Cotswold Tobacco Growing

Not Exactly A Digger Thing? Notes from Jim McNeill's lecture during the Smugglers 1 events at Bristol Radical History Week 2007. 1598: In the House of Lords by Lord Harris, asked that English and Irish farmers might be permitted to test whether tobacco could be produced in this country at a profit. 1619: A London merchant, John Stratford, purchased spare land in and around Winchcombe and planted tobacco. See next section of these notes. 1619: Act banning Tobacco growing in England passed — just […]

Some Thoughts And Observations On Bristol Radical History Group’s Summer Party

Reclaim the Hill!: A celebration of the radical history of Brandon Hill and Stop the College Green Dispersal Order Despite the vagaries of the English summer of 2007, a small but feisty mob of radical historians, skate boarders and cider drinkers gathered on Brandon Hill in Clifton on August 19th. We were both celebrating the 175th anniversary of the invasion of the Great Reform Dinner and protesting against the dispersal order served on Bristol citizens this summer. What is the connection? […]

The Seven Stars Pub & Thomas Clarkson

Thomas Clarkson.
A Transcript taken from a document found behind the bar at The Seven Stars Pub. It was an inn in the latter half of the Seventeenth Century, for in the Reign of Charles the Second, Richard Pope, Linen Draper, one of the sons of William Pope, merchant, granted to the feoffoes of Saint Thomas a yearly rent of 30/-d. out of the tenement called “The Starrs then in the possession of Michael Jaine, victualler, in accordance with his father’s will.” IT is interesting from its connection with the slave […]

A Brief Political And Economic Introduction To Bristol Glass

There were a number of economic and political changes during the 16th and 17th centuries which prepared the ground for the establishment of the glass industry in Bristol. In 1522 the ‘Society of Merchant Venturers of the City of Bristol’ was incorporated. It grew in power and influence through the 17th century during which the Society revitalised and effectively reorganised itself to allow Bristol’s maritime merchants to take the fullest advantage of the Britain’s developing colonial […]

Slaves Who Abolished Slavery

BWHW 2006 Colour Poster - Maroon
Origins of the Caribbean Demand for Slaves One of the consequences of the establishment in the 17th century of the sugar industry in the British colonies in the Caribbean region was the importation of Africans to work as slaves. The result of this was that black people very soon comprised the great majority of the populations. During the colonial era British propagandists successfully misled their colonial subjects about their own history. What was taught in schools and portrayed in the press […]

The Sealed Knot Q&A

Who are you and what on Earth are you doing? We are members of the Blew Regiment which in turn is part of the Parliament Army of the Sealed Knot, a society of several thousand members which re-enacts battles of the English Civil War. Where are you from? We have members from the north of England, Devon, Bristol, Essex, Kent and even the Channel Islands as well as all points in-between. When and where does it happen? As a rough guide battles and events are held on a number of weekends from Easter […]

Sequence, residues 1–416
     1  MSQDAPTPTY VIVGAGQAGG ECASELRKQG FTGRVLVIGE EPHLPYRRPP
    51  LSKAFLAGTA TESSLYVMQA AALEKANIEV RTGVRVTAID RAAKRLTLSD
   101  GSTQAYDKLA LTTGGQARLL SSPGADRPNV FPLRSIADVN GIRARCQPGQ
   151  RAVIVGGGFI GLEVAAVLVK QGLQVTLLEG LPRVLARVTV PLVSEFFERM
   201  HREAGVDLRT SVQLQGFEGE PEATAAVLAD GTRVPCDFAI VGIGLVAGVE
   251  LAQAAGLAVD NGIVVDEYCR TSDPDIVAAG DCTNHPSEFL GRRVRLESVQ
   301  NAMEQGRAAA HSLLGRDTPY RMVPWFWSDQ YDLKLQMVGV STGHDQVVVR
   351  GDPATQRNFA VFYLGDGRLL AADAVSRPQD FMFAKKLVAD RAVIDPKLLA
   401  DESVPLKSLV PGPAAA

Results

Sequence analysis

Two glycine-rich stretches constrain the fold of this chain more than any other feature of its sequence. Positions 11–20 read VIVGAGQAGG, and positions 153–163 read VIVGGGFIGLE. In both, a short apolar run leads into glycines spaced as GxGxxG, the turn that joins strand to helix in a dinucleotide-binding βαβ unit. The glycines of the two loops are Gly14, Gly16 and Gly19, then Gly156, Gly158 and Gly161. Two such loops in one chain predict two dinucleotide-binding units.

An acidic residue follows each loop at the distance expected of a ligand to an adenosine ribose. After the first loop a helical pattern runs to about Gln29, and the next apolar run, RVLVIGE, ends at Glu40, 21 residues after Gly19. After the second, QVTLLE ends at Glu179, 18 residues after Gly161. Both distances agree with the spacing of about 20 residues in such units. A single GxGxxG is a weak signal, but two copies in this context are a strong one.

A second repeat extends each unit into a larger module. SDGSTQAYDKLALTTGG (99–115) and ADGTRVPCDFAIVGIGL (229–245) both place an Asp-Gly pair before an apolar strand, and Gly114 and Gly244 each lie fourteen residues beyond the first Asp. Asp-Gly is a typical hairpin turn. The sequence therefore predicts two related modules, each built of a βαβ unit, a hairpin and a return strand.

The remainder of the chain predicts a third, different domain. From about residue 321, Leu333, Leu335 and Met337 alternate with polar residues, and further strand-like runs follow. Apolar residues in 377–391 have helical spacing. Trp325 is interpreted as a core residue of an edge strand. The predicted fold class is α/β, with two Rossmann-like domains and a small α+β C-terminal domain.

The Southmead Riots

April of 2005 saw the 25th anniversary of the St Paul's riots, a day and night in 1980 that not only was the precursor for further riots in London and Liverpool but the catalyst also that sparked changes that are still reverberating to this day. As Paul Stephenson, the former regional executive officer for the Commission for Racial Equality has commented: 'The riots were a wake up call for the country'. To mark the occasion, a two-page article appeared in The Bristol Evening Post featuring the […]

James Nayler’s Ride into Bristol : October 1656

James Nayler From Bristol Past and Present Vol III by J. F. Nicholls and John Taylor 1882.
350 years ago this month a small group of men and women approached the gates of Bristol, singing hosannas before a man on a horse. They appeared to be imitating Christ's entrance into Jerusalem on Palm Sunday. The man was James Nayler (1617-1660), a leader of the upstart Quaker movement and onetime member of Cromwell's New Model Army. The Puritan authorities were outraged. Nayler was seized and charged with blasphemy. Sent to London where he was the subject of a full Parliamentary debate for ten […]

Cry Freedom, Cry Seven Stars!

Seven Stars Concert Poster
This article was written for Pints West. During Bristol's Radical History Week (28th October to 5th November) at the appropriately named Spyglass restaurant, the Long John Silver Trust was twice invited to join in with the debates. On the Wednesday evening, as a representative of the Trust, I spoke about the history of the Seven Stars, St Thomas Lane under the heading of the 'Anti-Slavery Movement in Bristol', and again on the Saturday afternoon for "Bristol and the Revolutionary Atlantic". It […]

1831 And All That …

This article was written for Mute Magazine. One of the objectives of Bristol Radical History week was to re-examine some of the momentous events of Bristol’s history that have been often dismissed by historians as ‘chaos’ or ‘inexplicable’. The process of this examination by academics, local historians and interested punters during the week exposed some of the key problems of historical analysis. Precision Strikes The three days of rioting that occurred in October 1831 in Bristol were certainly […]

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